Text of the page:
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Growing Good Food at Home

Growing Beets from Seeds or Seedlings

Beet sprouts growing in the garden

Beet sprouts growing in the garden

You can grow beets from seeds or seedlings, but just like carrots, beets do better if you don’t disturb them once they’ve started growing. Ideally, you should just grow your beets from seeds. If you’re determined to start them ahead of time and transplant them, just plant your seeds to allow for the least disturbance possible of the seedlings’ roots.

Seed Planting Process

Beet seeds take a week or two to germinate, so plan ahead. If you live in a cooler area, you’ll want to get started early.


Sow your beet seeds indoors six to eight weeks before your expected last frost date. For best results, use a seed starting formula. Make sure your seed tray has deep individual soil compartments; 3 inches is good. Beets have deep root systems, so you want to give them a good head start.

Once your seedlings emerge, they are going to need plenty of light. Put them by a sunny window or turn on grow lights about 4 inches above your seedlings. Leave the lights on for 16 hours, off for eight hours. Don’t leave the lights on 24/7; most plants need a little darkness to grow.

Once your seedlings begin to grow, you’ll want to harden them off before you transplant them to your garden. So, about three to four weeks after you plant the seeds, give your new seedlings a little sheltered outside time, starting with an hour or two a day in indirect sunlight, progressing to a full day outside. Bring your seedlings in for the night after each outdoor foray. This process helps strengthen the plant’s cells, giving them a better chance of thriving when you transplant them.

Your garden soil temperature should be at least 40 degrees F before you set your seedlings out. When your seedlings are ready for the outdoor garden, have planting holes ready for them. Pop the seedlings out of their little containers and put them right into their outdoor home. Don’t disturb the soil or root ball; the less you fuss with them, the better.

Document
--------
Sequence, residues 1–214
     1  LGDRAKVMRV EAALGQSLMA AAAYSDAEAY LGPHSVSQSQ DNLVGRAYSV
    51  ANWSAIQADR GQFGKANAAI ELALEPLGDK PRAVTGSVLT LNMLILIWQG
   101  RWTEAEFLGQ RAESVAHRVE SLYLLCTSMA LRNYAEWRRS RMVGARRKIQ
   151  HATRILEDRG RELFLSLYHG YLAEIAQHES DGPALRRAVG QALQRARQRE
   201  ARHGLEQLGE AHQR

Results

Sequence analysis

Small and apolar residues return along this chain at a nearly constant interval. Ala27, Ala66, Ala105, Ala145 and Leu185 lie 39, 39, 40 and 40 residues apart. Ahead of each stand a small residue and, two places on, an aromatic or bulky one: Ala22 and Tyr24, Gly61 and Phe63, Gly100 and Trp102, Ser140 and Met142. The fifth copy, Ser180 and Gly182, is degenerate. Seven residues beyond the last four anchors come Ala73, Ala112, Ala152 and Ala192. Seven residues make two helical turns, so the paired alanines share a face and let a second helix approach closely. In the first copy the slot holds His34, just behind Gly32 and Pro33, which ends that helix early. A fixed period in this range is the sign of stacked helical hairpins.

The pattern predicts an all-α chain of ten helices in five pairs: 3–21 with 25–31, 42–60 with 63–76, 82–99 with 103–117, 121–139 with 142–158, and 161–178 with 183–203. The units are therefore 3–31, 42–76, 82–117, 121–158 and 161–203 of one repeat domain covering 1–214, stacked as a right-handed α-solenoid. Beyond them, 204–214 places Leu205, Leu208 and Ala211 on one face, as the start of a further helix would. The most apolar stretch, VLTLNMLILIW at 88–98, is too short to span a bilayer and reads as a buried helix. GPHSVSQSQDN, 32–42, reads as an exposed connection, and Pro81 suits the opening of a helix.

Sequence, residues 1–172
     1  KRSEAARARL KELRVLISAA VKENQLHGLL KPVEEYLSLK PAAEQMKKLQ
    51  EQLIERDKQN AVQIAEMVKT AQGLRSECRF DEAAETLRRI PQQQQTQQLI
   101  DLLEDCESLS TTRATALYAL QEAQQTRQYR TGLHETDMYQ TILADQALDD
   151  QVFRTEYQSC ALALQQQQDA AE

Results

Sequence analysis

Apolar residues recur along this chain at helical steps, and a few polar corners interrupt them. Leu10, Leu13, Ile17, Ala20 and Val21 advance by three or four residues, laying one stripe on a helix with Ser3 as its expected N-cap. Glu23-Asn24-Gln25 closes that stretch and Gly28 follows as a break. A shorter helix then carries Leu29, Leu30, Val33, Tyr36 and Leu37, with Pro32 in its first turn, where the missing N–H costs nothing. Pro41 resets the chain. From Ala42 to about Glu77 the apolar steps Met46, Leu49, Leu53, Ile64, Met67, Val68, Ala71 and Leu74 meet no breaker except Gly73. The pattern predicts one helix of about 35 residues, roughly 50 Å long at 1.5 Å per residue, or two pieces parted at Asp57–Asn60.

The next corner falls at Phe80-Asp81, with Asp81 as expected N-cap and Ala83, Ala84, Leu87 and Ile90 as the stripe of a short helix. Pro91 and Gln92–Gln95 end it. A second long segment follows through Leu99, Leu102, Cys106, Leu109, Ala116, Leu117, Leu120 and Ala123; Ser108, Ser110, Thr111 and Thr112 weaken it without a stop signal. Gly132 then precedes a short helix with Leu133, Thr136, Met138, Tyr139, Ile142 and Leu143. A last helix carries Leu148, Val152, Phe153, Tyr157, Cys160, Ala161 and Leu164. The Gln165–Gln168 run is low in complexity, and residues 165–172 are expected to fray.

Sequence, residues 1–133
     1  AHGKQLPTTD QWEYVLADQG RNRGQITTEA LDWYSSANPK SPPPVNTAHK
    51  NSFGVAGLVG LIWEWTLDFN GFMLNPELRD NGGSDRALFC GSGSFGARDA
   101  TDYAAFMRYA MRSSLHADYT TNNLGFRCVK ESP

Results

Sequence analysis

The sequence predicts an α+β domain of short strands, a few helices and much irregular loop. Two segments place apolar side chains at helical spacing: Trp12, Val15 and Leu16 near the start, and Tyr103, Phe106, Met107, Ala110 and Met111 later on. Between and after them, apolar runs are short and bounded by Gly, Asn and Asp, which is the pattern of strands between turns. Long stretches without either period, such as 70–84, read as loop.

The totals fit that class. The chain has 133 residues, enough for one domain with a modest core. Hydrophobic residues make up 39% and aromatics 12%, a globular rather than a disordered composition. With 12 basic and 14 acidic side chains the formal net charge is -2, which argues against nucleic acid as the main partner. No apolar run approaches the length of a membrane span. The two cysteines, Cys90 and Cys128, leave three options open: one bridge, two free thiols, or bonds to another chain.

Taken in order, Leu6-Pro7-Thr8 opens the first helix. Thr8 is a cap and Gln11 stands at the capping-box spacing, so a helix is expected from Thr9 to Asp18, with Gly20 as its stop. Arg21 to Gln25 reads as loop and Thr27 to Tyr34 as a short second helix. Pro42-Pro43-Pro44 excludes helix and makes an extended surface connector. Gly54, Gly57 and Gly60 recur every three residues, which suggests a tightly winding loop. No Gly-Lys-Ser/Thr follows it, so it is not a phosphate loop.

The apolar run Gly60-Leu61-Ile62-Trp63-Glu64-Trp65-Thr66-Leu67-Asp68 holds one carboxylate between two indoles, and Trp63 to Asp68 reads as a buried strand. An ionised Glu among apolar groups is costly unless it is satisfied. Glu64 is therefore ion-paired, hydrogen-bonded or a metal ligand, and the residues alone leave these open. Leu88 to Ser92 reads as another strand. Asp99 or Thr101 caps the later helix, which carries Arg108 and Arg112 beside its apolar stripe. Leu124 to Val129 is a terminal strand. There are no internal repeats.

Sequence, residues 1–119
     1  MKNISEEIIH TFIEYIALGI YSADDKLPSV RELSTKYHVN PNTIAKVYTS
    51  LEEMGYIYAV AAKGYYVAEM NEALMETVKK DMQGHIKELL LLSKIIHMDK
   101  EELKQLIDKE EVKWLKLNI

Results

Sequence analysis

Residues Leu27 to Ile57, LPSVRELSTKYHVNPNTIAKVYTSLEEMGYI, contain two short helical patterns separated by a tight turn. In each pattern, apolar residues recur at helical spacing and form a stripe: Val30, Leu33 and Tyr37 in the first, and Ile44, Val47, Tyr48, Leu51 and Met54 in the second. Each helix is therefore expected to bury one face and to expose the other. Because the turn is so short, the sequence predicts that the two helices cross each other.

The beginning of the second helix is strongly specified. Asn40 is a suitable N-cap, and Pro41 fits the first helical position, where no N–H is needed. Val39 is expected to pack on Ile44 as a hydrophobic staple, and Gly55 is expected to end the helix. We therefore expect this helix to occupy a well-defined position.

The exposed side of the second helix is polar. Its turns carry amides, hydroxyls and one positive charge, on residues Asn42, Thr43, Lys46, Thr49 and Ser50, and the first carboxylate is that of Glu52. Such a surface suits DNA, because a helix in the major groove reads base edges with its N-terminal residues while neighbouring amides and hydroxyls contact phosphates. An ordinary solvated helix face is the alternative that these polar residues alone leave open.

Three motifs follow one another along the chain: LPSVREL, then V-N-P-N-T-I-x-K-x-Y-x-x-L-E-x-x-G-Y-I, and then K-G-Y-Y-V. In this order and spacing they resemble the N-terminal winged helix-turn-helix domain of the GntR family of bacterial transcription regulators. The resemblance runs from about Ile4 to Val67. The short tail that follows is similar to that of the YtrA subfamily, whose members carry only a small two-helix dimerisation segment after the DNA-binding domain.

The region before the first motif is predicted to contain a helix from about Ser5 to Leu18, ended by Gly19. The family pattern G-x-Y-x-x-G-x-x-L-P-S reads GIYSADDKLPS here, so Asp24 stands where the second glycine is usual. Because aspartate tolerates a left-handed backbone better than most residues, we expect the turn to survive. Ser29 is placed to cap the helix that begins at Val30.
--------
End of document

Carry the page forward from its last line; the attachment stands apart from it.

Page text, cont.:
Cover the roots and attached soil with fresh garden soil and give them a good drink of water. If you’re concerned about pests moving in on your young plants, put a row cover over them.

Sowing directly in the garden

Gardener’s hand with beetroot seeds ready to sow

Gardener’s hand with beetroot seeds ready to sow

Beets don’t really like to be interrupted when they’re growing, so direct seeding is best. Beet seeds can go in the ground as soon as the soil temperature has reached at least 40 degrees F. Get a soil thermometer and check your garden bed to make sure the soil’s not too cold. For spring planting, you can usually start planting four to six weeks before your last frost.

Beets seeds look unlike anything you’ve seen. The seeds come in clumps which are actually a fruit cluster encompassing two or three seeds. This cluster can be a bit of a barrier to seed germination, as you might imagine. If you’d like to give your seeds a bit of a head start, soak them in room temperature water for anywhere between one and 12 hours.

The fact that each seed cluster has two or three seeds lets you know a couple things: you’ll likely have a better chance at successful germination, and if you do, you’ll definitely be thinning out seedlings once they’re established.

Once you’ve soaked your seeds, it’s time to get planting. Your garden bed should be prepared with rich, loose, sandy soil, amended with some compost. Plant your seeds about an inch apart in a groove or in holes about a half inch deep. Your rows should be a foot apart. Cover the seeds with soil and give each row a good soak—but don’t overdo it.

Germination should occur in a week or two. Keep the soil moist, but drained. When your plants are 2 to 3 inches tall, thin them to 3 inches apart.

Have you tried growing beets from seeds or seedlings? Which method do you prefer—and why? Please share your experiences with us.


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